Fri | Jul 3, 2020

Foreign students hunker down to ride out virus in Jamaica

Published:Monday | March 30, 2020 | 12:06 AMDanae Hyman/Staff Reporter
International students of The University of the West Indies, Mona, walk the generally empty corridors of the institution last Thursday. Despite an announcement that all students should return home, the two have opted to remain on campus.
International students of The University of the West Indies, Mona, walk the generally empty corridors of the institution last Thursday. Despite an announcement that all students should return home, the two have opted to remain on campus.

DESPITE THE University of West Indies (UWI) suspending classes until after the Easter period because of the COVID-19 outbreak, some international students have reported that they are stuck on campus halls, or have opted to stay put to avoid contracting the virus and taking it back to their resspective homelands.

In a memorandum sent to the students, the university advised all students residing on the campus to make all necessary arrangements to return home and engage in online consultation.

The UWI also noted that while it understood that a small number of students were unable to leave because of unavoidable circumstances, Jamaican students, in particular, were urged to return home to reduce the on-campus population.

Noellissa Swaby, an international student from the Eastern Caribbean state St Kitts-Nevis, said she initially opted to stay on campus out of fear of carrying the virus back to her home country

“At first, I was thinking about the risk of going through the airport and carrying it back home; and because I’m from a small island, I don’t think that they have the resources to deal with such a pandemic, and I didn’t want to take the risk of being the one take it back there,” Swaby told The Gleaner.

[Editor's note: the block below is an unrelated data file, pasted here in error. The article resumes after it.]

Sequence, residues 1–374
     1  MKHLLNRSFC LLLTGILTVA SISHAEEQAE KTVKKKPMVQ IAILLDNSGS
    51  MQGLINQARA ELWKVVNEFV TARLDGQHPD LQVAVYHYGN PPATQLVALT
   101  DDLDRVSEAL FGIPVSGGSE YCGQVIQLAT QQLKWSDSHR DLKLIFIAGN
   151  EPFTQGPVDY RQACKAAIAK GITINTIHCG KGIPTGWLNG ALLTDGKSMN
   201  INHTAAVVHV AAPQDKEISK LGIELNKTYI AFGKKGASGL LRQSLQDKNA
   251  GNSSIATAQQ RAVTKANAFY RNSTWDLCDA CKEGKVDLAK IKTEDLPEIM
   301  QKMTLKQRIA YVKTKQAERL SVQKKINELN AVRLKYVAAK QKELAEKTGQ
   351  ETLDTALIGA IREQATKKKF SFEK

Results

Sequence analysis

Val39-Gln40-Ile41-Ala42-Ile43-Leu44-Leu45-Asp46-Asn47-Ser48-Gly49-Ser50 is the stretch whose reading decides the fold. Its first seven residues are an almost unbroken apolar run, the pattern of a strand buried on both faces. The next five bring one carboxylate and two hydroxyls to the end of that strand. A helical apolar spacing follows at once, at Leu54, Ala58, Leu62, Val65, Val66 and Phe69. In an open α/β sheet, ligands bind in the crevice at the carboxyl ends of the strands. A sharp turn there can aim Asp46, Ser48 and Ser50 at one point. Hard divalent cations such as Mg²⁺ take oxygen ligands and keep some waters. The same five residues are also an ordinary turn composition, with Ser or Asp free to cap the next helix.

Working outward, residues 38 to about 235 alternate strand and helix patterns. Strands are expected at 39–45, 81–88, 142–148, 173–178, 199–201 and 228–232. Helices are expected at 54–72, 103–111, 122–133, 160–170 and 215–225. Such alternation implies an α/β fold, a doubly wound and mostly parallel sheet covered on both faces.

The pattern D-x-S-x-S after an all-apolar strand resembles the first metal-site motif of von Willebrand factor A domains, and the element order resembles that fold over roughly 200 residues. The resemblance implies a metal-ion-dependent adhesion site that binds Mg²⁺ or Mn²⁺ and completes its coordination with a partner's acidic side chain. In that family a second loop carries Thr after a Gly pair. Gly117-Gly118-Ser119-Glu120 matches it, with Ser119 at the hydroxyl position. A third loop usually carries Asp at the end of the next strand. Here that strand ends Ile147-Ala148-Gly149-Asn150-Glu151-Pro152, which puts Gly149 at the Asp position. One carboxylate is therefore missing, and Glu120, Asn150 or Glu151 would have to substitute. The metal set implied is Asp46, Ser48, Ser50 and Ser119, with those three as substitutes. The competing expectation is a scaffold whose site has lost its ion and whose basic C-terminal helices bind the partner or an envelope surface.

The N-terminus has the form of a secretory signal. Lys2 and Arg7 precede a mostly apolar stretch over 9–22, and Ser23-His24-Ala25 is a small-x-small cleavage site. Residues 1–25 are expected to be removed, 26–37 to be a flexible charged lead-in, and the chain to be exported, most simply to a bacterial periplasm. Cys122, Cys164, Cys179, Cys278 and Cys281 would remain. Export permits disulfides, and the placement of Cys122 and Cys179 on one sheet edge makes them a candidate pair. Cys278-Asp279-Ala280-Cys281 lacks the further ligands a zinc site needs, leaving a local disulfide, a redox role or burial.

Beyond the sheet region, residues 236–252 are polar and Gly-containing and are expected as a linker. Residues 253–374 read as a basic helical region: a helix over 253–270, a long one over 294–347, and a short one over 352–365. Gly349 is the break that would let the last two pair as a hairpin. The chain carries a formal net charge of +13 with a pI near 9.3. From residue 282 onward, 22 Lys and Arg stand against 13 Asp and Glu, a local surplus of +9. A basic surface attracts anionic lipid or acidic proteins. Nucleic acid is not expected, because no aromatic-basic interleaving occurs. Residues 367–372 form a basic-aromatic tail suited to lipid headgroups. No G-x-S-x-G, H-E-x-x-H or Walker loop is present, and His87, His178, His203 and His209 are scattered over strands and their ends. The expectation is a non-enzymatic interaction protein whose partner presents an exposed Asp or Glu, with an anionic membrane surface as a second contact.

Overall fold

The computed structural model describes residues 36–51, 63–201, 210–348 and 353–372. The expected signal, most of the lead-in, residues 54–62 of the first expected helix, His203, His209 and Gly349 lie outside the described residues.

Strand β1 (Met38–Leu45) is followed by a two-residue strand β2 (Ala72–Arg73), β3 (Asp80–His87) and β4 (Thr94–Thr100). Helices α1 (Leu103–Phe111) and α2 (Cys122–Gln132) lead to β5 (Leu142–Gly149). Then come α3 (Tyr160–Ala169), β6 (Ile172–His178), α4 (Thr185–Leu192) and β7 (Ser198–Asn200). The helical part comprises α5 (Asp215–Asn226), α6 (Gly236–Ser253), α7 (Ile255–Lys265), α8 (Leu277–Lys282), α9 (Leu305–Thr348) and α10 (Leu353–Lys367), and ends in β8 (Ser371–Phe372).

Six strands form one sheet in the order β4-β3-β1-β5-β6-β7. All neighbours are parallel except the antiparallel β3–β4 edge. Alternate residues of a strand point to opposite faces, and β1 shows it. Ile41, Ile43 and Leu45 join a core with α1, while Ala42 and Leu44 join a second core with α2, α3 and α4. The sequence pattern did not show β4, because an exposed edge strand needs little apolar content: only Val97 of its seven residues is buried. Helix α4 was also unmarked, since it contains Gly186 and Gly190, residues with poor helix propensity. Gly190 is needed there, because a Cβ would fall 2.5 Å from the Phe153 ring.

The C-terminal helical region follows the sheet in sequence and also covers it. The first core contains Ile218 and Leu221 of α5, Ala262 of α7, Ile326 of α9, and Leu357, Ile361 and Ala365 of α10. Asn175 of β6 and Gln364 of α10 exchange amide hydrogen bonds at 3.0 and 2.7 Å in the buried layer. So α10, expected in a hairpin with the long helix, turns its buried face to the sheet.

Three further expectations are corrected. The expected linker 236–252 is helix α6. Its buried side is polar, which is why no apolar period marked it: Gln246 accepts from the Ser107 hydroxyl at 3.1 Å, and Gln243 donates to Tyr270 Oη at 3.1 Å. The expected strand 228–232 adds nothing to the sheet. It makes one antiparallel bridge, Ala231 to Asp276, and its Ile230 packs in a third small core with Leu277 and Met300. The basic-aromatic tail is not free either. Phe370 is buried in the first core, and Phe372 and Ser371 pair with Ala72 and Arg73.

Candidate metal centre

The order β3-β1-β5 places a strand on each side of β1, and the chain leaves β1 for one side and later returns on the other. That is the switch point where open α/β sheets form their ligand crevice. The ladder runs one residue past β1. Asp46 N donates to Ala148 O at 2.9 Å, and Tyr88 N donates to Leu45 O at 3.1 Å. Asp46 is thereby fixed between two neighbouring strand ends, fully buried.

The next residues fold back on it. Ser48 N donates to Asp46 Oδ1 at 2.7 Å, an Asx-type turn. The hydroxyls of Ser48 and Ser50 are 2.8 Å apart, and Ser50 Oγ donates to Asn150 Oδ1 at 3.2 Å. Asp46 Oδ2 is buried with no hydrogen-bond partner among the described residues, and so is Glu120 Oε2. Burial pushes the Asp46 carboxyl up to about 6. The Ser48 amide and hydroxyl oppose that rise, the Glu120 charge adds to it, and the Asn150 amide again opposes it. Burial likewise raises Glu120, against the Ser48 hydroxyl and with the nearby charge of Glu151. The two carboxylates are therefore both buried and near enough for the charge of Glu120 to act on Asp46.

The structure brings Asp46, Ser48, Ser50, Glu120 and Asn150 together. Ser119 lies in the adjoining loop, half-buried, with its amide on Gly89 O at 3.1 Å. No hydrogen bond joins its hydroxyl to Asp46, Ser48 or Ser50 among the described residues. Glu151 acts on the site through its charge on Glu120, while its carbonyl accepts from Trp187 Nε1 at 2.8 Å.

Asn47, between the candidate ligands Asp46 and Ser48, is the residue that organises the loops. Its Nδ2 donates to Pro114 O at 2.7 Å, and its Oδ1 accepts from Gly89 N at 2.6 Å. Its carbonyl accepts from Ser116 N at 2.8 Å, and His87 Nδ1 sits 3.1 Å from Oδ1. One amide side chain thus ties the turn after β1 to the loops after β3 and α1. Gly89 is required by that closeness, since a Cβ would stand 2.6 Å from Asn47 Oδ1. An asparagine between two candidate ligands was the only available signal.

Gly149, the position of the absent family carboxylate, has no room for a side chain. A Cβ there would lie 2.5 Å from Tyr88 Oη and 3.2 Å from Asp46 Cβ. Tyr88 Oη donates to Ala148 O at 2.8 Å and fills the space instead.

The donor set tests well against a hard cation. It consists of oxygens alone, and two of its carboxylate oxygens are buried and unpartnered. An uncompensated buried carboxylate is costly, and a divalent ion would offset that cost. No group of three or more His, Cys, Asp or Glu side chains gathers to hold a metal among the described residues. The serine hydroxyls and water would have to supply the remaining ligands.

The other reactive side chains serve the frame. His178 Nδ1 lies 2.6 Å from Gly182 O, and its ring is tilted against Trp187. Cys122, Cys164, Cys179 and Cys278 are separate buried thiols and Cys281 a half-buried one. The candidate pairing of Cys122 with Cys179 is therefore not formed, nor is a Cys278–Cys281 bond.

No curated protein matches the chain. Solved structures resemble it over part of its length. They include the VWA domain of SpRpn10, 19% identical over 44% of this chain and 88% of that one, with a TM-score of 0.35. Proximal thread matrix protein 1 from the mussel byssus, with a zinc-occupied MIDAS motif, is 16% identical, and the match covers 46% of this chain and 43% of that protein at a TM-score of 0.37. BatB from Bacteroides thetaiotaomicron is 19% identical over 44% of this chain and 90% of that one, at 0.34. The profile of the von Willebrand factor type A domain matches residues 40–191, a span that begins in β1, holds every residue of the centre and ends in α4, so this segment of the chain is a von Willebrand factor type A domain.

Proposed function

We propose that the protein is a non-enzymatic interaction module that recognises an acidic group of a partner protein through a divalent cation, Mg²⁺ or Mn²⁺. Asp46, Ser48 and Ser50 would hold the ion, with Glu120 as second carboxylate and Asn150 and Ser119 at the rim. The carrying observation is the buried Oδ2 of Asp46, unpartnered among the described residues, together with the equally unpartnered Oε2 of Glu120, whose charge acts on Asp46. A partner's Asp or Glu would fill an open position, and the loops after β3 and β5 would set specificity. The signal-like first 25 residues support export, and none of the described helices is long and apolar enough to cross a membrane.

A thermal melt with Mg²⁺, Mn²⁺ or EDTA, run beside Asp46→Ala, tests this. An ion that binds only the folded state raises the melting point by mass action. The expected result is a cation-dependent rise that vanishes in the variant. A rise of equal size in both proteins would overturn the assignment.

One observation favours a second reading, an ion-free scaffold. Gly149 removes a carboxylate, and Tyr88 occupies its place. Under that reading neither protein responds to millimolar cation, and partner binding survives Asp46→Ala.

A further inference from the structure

She further said that as the borders are now closed, even if she decided to go home, it is too late.

St Kitts-Nevis has recorded at least two COVID-19 cases involving patients who recently travelled to the United States. Emergency powers have been imposed, curfews set up, and travel restrictions implemented.

However, another Kittitian, who requested that his name be withheld, said that he was left stranded in Jamaica because he waited until it was too late to get clarity on how classes would be conducted.

“I’m still here because I was waiting on UWI to give a definitive answer, because they indicated that they will get back to us about whether we will have face-to-face classes or on an online platform,” he said.

By the time he booked a ticket, Trinidad had shut down the Piarco International Airport, putting paid to his flight plans via Caribbean Airlines. Flights to the Eastern Caribbean are generally routed through Trinidad.

NO US VISA

“They, however, cancelled that flight. But I don’t have a visa, so I can’t catch the American Airlines, so I got stranded,” the student said.

He disclosed that although he won’t be around his family amid the coronavirus outbreak, he was thankful that he could remain on campus, and shared that he had faith in the Jamaican Government’s handling of the crisis.

Another international student at the University of Technology, Jamaica shared that she, too, was fearful of contracting the virus while travelling and unknowingly bringing it home.

Nisha Dupuis, a national of Anguilla, said that although she and her sister also attend the same university and wanted to be with their family, they agreed that it would be safer to remain on campus.

“Our priority, simply, was to successfully complete this semester, and we feared that if we travelled home, we will not be able to return when school eventually reopened,” Dupuis told The Gleaner.

“Also, we really did not want to be quarantined in our own country, because at the time they had no reported cases ... .The last thing anyone wants is to be the first person to introduce the virus into their country.”

danae.hyman@gleanerjm.com